This provides confidentiality and integrity protection for the
   content of packets (see Section 5.3).  Packet protection uses keys
   that are exported from the TLS connection (see Section 5.2).

   Different keys are used for QUIC packet protection and TLS record
   protection.  Having separate QUIC and TLS record protection means
   that TLS records can be protected by two different keys.  This
   redundancy is limited to a only a few TLS records, and is maintained
   for the sake of simplicity.

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5.1.  Installing New Keys

   As TLS reports the availability of keying material, the packet
   protection keys and initialization vectors (IVs) are updated (see
   Section 5.2).  The selection of AEAD function is also updated to
   match the AEAD negotiated by TLS.

   For packets other than any unprotected handshake packets (see
   Section 6.1), once a change of keys has been made, packets with
   higher packet numbers MUST use the new keying material.  The
   KEY_PHASE bit on these packets is inverted each time new keys are
   installed to signal the use of the new keys to the recipient (see
   Section 6 for details).

   An endpoint retransmits stream data in a new packet.  New packets
   have new packet numbers and use the latest packet protection keys.
   This simplifies key management when there are key updates (see
   Section 6.2).

5.2.  QUIC Key Expansion

   QUIC uses a system of packet protection secrets, keys and IVs that
   are modelled on the system used in TLS [I-D.ietf-tls-tls13].  The
   secrets that QUIC uses as the basis of its key schedule are obtained
   using TLS exporters (see Section 7.3.3 of [I-D.ietf-tls-tls13]).

   QUIC uses the Pseudo-Random Function (PRF) hash function negotiated
   by TLS for key derivation.  For example, if TLS is using the
   TLS_AES_128_GCM_SHA256, the SHA-256 hash function is used.

5.2.1.  0-RTT Secret

   0-RTT keys are those keys that are used in resumed connections prior
   to the completion of the TLS handshake.  Data sent using 0-RTT keys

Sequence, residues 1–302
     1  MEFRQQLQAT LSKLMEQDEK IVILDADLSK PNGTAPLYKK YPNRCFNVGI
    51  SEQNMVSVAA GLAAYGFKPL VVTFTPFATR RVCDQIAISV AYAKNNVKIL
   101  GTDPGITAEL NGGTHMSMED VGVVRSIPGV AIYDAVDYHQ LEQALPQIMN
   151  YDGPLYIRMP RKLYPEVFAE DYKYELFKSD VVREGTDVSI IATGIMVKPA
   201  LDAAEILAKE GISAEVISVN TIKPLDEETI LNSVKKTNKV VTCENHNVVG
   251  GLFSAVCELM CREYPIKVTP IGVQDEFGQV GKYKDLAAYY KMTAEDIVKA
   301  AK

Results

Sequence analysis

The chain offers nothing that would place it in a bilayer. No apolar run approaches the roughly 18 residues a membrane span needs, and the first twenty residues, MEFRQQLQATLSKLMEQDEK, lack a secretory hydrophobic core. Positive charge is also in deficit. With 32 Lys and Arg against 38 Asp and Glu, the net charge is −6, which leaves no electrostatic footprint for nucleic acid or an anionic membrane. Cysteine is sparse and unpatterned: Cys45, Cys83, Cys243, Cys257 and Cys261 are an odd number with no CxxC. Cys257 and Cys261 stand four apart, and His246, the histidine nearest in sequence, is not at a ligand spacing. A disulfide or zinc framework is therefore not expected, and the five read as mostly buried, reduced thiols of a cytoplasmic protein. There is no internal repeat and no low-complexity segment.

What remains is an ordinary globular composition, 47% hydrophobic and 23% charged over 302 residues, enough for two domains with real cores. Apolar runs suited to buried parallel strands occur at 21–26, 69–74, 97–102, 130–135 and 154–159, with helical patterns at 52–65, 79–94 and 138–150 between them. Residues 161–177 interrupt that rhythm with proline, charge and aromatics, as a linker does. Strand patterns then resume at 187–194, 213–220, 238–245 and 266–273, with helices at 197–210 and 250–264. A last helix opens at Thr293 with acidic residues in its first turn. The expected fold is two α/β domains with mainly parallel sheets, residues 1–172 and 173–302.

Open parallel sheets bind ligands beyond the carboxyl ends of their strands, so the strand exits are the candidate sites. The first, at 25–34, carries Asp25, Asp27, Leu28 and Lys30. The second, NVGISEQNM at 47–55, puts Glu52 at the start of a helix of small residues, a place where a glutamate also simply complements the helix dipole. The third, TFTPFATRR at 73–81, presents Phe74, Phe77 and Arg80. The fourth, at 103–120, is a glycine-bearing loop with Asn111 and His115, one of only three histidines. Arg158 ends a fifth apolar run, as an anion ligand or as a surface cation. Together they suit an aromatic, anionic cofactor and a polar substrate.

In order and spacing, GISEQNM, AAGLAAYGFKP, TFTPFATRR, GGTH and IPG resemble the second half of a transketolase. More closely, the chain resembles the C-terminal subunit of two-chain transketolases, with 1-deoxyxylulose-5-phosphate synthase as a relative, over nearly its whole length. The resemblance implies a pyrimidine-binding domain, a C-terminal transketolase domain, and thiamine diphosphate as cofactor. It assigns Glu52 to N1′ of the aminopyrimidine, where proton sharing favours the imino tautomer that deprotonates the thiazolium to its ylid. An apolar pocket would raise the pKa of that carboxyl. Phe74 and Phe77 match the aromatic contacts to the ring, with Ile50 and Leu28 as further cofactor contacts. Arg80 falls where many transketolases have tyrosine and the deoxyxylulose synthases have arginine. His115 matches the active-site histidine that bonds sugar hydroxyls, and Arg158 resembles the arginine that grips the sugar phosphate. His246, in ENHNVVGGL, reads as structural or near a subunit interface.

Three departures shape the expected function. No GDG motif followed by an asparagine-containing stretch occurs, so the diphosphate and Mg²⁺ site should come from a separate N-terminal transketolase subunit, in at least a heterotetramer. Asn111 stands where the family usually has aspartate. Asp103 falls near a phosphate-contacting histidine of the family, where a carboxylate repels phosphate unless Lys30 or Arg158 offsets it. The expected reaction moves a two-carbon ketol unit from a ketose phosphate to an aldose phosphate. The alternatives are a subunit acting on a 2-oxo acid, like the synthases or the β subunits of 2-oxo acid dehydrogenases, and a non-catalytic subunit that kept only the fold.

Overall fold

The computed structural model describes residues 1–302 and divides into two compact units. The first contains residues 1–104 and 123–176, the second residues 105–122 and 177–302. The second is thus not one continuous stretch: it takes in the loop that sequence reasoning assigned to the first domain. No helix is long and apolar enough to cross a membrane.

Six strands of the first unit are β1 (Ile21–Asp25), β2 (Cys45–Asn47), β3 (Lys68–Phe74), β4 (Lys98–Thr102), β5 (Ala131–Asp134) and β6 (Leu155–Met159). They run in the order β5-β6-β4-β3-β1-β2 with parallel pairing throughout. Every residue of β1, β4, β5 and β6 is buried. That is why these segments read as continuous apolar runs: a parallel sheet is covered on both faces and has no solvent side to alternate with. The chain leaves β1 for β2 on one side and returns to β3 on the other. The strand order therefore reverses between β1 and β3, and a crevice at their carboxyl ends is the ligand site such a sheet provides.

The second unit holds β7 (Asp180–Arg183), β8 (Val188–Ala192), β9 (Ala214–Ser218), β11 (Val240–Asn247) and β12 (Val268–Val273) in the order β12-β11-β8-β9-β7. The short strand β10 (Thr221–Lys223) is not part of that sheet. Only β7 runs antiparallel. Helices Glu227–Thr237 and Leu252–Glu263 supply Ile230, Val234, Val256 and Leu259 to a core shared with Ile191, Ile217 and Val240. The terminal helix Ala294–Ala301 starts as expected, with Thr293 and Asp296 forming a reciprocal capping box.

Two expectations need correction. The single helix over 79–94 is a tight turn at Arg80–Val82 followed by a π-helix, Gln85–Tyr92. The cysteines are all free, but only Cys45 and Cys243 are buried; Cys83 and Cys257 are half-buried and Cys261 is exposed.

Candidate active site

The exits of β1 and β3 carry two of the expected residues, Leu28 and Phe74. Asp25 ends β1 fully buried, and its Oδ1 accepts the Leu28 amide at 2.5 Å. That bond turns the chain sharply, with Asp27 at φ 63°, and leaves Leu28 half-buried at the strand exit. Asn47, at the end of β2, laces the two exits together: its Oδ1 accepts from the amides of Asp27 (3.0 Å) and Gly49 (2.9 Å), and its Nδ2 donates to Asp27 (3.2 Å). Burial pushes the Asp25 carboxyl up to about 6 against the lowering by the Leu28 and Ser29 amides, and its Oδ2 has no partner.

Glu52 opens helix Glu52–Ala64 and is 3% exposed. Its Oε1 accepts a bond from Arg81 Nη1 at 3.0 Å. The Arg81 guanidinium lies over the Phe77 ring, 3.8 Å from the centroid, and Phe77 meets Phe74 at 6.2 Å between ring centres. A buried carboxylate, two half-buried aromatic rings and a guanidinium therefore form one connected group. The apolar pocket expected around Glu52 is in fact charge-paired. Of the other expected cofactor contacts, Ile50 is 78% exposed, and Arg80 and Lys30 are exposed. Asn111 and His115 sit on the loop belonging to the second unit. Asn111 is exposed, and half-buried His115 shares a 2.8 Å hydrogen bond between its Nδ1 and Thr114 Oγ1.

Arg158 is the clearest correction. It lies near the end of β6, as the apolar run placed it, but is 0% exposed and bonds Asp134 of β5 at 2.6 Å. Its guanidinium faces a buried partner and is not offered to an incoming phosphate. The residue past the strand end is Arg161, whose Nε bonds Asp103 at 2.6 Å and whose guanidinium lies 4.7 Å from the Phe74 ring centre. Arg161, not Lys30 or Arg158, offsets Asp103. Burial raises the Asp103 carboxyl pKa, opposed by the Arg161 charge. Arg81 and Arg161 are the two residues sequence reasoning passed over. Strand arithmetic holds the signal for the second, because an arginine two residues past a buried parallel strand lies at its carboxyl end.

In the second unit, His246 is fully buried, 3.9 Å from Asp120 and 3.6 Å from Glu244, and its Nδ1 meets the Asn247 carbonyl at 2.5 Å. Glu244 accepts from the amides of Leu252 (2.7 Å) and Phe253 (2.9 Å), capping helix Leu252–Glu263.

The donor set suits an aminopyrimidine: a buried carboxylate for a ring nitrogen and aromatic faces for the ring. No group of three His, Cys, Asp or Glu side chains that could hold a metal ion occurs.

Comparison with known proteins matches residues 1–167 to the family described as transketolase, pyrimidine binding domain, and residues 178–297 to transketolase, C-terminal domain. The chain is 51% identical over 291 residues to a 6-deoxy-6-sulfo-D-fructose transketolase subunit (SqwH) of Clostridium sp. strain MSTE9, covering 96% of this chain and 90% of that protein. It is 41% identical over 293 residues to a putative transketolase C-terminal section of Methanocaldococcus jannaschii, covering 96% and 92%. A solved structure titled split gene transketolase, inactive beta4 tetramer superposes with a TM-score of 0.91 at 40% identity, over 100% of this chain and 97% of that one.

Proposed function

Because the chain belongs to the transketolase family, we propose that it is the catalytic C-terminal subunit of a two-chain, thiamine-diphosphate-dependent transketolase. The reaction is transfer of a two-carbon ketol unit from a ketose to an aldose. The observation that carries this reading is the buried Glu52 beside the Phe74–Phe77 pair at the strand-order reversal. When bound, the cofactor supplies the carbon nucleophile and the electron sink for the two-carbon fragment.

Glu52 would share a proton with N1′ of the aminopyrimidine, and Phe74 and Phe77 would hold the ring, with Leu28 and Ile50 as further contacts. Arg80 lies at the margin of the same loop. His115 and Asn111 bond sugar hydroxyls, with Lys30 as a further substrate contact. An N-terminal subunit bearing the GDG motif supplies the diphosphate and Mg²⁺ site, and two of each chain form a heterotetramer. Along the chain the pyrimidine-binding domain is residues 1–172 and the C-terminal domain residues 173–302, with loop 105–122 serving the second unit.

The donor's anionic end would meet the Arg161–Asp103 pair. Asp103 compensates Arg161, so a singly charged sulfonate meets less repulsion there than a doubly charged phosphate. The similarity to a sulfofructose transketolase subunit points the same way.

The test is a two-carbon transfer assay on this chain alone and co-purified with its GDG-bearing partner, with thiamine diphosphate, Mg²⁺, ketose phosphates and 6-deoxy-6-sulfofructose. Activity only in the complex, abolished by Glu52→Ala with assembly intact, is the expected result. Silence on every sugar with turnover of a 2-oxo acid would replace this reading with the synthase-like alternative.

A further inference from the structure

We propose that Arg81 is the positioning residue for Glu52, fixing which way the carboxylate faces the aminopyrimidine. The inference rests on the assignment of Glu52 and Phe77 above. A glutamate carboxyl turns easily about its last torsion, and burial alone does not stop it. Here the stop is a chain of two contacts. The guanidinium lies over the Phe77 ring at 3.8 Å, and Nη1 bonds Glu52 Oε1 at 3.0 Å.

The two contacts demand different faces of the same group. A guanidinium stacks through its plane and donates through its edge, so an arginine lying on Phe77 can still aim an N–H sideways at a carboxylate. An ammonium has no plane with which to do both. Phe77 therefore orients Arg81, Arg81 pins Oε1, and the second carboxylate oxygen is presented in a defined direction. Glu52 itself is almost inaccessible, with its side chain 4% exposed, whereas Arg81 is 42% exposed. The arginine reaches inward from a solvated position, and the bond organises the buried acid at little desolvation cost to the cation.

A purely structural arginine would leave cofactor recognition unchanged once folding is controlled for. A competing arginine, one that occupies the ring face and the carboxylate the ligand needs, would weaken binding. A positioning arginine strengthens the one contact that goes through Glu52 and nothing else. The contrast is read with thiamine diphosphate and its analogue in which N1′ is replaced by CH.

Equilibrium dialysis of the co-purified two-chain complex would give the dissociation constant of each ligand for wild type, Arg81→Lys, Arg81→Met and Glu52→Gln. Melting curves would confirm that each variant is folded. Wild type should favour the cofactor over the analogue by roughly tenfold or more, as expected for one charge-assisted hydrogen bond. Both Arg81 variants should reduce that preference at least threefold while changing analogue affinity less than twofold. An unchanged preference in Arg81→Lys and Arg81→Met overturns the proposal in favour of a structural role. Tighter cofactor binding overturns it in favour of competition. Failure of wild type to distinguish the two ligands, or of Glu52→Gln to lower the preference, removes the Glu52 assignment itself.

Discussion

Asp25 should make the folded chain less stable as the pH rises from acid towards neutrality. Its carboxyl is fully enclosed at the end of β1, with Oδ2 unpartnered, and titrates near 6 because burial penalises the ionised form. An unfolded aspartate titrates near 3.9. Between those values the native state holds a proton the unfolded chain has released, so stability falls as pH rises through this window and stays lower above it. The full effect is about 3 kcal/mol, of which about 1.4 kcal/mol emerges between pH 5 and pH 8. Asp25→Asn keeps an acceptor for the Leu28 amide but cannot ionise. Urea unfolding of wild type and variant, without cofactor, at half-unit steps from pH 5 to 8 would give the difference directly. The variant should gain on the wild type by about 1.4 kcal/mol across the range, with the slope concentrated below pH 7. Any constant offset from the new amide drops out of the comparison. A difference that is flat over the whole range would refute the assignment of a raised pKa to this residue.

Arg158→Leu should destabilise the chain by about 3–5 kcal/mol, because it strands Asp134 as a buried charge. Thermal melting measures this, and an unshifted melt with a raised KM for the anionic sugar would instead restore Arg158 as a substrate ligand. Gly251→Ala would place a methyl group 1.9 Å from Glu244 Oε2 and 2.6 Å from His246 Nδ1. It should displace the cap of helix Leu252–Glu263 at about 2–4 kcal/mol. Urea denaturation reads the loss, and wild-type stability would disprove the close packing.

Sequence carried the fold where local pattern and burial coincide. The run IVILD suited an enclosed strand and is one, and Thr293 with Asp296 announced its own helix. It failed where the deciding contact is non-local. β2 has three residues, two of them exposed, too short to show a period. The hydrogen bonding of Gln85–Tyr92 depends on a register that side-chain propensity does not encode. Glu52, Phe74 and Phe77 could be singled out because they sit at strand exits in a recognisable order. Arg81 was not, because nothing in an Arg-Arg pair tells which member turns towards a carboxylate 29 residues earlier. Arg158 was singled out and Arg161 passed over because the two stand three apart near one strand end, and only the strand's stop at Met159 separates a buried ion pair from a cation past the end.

might be replayed and so has some restrictions on its use, see
   Section 7.2.  0-RTT keys are used after sending or receiving a

   The secret is exported from TLS using the exporter label "EXPORTER-
   QUIC 0-RTT Secret" and an empty context.  The size of the secret MUST
   be the size of the hash output for the PRF hash function negotiated
   by TLS.  This uses the TLS early_exporter_secret.  The QUIC 0-RTT
   secret is only used for protection of packets sent by the client.

          = TLS-Exporter("EXPORTER-QUIC 0-RTT Secret"
                         "", Hash.length)

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5.2.2.  1-RTT Secrets

   1-RTT keys are used by both client and server after the TLS handshake
   completes.  There are two secrets used at any time: one is used to
   derive packet protection keys for packets sent by the client, the
   other for protecting packets sent by the server.

   The initial client packet protection secret is exported from TLS
   using the exporter label "EXPORTER-QUIC client 1-RTT Secret"; the
   initial server packet protection secret uses the exporter label
   "EXPORTER-QUIC server 1-RTT Secret".  Both exporters use an empty
   context.  The size of the secret MUST be the size of the hash output
   for the PRF hash function negotiated by TLS.

          = TLS-Exporter("EXPORTER-QUIC client 1-RTT Secret"
                         "", Hash.length)
          = TLS-Exporter("EXPORTER-QUIC server 1-RTT Secret"
                         "", Hash.length)

   These secrets are used to derive the initial client and server packet
   protection keys.

   After a key update (see Section 6.2), these secrets are updated using
   the HKDF-Expand-Label function defined in Section 7.1 of
   [I-D.ietf-tls-tls13].  HKDF-Expand-Label uses the the PRF hash
   function negotiated by TLS.  The replacement secret is derived using
   the existing Secret, a Label of "QUIC client 1-RTT Secret" for the
   client and "QUIC server 1-RTT Secret" for the server, an empty
   HashValue, and the same output Length as the hash function selected
   by TLS for its PRF.

          = HKDF-Expand-Label(client_pp_secret_<N>,
                              "QUIC client 1-RTT Secret",
                              "", Hash.length)
          = HKDF-Expand-Label(server_pp_secret_<N>,
                              "QUIC server 1-RTT Secret",